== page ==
The devolution door stays open

Coun Nick Forbes, leader of Newcastle City Council, Norma Redfearn, Elected Mayor for North Tyneside,  and Coun Peter Jackson, leader of Northumberland County Council.
Coun Nick Forbes, leader of Newcastle City Council, Norma Redfearn, Elected Mayor for North Tyneside, and Coun Peter Jackson, leader of Northumberland County Council.

The door will always be open for councils south of the river to join the North of Tyne devolution deal, according to North Tyneside Mayor Norma Redfearn.

As North Tyneside’s cabinet voted unanimously to approve moving ahead with devolution, councillors questioned why the four councils south of the Tyne weren’t joining.

The North of Tyne Combined Authority devolution deal, which includes an elected Mayor, will bring £600million to the area over the next 30 years and has been heralded as a major economic boost.

The previous devolution deal, which was to include Newcastle, Gateshead, Northumberland, North Tyneside, South Tyneside, Sunderland and Durham councils, was scrapped.

At an extraordinary cabinet meeting, the Mayor said: “I’m pleased to bring this forward. It has been a long time coming as far as I am concerned.

“This is the best thing for the people of North Tyneside and puts the people of North Tyneside first. This could bring 10,000 extra jobs, I can’t understand why any trade union would be against it.”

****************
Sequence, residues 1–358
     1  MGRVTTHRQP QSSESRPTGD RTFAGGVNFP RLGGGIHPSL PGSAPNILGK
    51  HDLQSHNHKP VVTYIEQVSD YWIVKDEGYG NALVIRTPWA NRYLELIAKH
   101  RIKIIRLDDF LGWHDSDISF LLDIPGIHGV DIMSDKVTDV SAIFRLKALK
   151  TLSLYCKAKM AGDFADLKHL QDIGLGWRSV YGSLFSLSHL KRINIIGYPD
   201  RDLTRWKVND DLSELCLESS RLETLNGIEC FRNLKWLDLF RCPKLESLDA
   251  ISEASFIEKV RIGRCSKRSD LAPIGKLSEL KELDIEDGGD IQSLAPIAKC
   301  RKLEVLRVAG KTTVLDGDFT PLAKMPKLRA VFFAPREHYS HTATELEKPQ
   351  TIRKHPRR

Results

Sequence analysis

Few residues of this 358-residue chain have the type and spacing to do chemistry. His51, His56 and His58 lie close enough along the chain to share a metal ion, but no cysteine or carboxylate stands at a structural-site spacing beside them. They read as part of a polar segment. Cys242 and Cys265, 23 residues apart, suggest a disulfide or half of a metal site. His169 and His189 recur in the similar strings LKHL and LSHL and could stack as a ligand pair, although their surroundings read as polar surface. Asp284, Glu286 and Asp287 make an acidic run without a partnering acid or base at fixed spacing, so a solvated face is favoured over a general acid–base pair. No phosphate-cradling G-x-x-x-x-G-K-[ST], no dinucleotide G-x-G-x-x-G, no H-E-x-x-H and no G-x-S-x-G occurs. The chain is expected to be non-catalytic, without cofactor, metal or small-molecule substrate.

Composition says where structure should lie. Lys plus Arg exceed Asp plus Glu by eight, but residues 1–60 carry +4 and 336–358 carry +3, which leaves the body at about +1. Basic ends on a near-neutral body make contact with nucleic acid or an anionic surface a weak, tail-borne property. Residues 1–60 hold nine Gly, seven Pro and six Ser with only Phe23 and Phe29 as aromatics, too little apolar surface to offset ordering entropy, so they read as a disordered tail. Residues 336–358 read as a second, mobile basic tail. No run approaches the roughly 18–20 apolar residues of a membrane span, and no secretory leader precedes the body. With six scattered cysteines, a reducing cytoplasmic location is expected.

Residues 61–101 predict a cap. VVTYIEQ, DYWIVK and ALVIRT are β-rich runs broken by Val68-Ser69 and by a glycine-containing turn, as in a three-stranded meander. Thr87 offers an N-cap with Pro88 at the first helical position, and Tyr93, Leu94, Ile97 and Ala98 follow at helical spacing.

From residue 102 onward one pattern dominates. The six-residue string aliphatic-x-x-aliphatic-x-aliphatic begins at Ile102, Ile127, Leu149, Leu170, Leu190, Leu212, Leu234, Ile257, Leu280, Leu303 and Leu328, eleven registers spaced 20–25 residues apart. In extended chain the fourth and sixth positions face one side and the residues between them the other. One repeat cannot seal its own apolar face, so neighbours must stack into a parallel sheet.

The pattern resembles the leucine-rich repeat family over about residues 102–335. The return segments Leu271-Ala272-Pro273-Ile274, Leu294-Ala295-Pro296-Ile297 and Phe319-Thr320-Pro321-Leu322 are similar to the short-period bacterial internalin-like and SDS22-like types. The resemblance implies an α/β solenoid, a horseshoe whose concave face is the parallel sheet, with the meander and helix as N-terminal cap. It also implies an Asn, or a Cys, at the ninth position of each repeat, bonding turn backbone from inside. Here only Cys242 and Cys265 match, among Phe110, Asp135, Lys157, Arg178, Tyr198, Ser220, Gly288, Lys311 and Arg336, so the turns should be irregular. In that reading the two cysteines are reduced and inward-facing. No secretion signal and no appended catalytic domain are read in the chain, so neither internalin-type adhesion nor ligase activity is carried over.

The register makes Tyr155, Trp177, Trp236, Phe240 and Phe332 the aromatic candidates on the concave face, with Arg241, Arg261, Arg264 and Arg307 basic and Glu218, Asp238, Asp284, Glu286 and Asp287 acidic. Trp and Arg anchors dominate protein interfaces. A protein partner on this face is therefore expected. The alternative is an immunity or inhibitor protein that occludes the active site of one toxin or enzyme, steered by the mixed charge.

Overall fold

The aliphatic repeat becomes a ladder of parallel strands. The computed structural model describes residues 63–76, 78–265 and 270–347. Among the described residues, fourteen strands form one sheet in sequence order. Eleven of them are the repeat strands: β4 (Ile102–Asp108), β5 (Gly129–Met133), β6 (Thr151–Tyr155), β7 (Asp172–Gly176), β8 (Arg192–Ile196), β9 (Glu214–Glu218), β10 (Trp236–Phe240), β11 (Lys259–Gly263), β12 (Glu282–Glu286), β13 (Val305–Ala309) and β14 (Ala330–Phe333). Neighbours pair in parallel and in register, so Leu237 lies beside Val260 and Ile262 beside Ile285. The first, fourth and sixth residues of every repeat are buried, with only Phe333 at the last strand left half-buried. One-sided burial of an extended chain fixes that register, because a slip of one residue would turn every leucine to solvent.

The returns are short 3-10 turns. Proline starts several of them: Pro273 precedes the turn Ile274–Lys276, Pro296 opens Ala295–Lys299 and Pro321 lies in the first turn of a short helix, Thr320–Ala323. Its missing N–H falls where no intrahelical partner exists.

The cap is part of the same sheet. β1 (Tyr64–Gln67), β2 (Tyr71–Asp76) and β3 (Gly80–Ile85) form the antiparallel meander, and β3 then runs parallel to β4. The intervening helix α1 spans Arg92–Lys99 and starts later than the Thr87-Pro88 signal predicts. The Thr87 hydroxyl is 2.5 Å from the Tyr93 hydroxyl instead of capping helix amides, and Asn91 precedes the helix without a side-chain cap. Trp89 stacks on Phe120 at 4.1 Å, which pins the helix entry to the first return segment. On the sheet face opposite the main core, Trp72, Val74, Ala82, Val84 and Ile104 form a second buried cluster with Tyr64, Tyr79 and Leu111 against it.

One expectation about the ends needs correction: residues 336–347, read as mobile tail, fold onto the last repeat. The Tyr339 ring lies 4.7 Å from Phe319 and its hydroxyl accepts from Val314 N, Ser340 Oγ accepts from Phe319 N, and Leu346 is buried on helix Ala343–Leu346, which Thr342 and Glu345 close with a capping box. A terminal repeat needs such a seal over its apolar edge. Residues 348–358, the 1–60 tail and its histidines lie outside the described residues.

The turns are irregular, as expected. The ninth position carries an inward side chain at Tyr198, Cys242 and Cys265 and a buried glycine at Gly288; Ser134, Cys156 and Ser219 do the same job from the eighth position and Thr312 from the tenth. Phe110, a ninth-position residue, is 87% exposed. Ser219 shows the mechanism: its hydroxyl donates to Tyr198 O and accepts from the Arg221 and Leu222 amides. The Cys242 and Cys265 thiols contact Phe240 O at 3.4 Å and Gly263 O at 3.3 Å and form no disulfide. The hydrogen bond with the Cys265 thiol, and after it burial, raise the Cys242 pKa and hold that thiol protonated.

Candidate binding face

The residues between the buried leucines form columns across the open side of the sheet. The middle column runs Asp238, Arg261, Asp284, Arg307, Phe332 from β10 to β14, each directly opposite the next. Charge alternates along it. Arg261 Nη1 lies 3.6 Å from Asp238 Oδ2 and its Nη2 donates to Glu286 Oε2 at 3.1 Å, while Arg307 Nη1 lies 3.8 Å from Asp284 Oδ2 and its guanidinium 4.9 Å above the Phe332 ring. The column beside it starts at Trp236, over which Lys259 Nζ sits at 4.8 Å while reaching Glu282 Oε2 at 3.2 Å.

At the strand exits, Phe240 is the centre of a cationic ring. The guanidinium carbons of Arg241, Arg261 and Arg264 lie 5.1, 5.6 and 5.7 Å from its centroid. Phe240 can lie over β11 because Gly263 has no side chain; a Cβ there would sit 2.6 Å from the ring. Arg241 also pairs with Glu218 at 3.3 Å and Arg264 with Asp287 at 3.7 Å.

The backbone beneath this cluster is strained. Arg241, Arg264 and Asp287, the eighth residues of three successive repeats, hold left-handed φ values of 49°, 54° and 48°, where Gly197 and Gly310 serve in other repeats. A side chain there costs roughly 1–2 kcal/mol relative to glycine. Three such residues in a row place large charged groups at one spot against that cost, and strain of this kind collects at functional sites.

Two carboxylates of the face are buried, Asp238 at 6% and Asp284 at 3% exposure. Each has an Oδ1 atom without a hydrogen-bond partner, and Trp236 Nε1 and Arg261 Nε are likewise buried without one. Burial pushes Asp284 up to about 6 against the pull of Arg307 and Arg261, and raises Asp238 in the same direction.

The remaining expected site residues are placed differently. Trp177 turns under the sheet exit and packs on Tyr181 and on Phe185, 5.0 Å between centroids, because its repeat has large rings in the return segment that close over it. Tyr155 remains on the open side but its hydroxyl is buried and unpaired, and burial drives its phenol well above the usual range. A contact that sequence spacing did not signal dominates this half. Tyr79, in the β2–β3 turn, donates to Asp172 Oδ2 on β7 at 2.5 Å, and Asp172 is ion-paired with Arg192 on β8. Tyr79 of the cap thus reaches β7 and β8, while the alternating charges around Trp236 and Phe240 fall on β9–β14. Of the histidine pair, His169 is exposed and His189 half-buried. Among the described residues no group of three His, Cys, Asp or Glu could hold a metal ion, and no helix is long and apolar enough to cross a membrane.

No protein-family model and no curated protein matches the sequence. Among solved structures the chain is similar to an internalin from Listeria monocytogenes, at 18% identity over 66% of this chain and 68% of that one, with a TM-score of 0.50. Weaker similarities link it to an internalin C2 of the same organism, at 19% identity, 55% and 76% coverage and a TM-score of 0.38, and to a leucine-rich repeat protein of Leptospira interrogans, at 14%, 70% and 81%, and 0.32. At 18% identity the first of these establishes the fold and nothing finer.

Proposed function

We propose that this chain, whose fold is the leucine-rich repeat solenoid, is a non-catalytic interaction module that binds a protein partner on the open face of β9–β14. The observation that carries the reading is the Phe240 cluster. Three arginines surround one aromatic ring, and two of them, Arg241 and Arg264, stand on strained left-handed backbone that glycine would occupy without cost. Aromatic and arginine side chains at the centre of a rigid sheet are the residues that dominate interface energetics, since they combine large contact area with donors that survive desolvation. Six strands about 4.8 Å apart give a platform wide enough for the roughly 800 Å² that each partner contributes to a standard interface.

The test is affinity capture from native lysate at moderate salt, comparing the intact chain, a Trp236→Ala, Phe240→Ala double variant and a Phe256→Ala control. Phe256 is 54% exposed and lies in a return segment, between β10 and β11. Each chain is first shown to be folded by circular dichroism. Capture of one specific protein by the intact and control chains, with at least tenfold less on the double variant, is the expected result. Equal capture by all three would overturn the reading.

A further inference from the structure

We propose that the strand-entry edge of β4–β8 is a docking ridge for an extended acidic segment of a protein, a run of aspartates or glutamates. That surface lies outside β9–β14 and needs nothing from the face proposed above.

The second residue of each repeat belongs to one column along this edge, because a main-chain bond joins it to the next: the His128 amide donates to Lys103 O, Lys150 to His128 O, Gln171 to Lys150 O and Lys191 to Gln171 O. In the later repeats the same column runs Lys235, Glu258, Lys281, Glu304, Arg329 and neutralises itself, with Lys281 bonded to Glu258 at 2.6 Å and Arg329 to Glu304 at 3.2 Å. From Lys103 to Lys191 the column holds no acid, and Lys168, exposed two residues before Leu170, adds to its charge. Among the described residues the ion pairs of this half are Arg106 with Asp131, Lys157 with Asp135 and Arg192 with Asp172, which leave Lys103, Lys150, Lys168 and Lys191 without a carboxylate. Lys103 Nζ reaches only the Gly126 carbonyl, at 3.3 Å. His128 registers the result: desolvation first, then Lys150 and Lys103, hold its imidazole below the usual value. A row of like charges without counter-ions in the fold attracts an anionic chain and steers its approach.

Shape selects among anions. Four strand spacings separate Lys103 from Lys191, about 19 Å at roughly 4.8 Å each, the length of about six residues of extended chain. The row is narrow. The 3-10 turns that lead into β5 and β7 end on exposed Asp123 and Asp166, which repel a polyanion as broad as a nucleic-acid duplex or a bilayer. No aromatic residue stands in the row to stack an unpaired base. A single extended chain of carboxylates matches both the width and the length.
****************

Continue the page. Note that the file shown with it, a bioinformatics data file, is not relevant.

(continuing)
Coun Ray Glindon asked if any of the four councils south of the Tyne would be able to join the deal if they wanted to.

Mrs Redfearn said it would be too late at this stage of the deal, but once established they could ask the Government to join at a later date.

Coun John Sterling added: “This is something I have thought should happen for a long, long time. I don’t understand why the other four councils didn’t see this as the way forward. There’s money coming in.”

Although Ms Redfearn said the North of Tyne councils – Newcastle, Northumberland and North Tyneside – had worked hard on a deal that wouldn’t upset ‘friends south of the river’, she hit out at the other authorities for not being democratic and doing what was best for the people living in the area.

Referring to Durham County Council’s referendum on the previous devolution deal in early 2016, she said: “They spent £200,000 on a referendum, the majority of people said they wanted devolution then they pulled out. That’s not democracy to me.”

If the deal progresses as planned, the new combined authority will be set up in summer 2018, with the first mayoral elections slated to take place in May 2019.